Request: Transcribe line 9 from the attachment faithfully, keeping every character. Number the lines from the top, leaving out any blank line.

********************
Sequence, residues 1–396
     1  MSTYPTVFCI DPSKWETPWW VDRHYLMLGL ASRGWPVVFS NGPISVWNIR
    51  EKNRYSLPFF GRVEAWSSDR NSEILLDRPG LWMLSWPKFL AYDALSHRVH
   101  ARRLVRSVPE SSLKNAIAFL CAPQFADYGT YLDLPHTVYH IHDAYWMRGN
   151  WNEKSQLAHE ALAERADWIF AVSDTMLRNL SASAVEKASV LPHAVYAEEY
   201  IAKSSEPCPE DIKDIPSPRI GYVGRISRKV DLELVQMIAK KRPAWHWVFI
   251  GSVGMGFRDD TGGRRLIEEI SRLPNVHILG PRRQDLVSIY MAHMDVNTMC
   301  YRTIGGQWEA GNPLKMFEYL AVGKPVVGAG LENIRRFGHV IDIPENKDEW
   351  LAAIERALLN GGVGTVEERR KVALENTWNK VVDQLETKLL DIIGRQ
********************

   351  LAAIERALLN GGVGTVEERR KVALENTWNK VVDQLETKLL DIIGRQ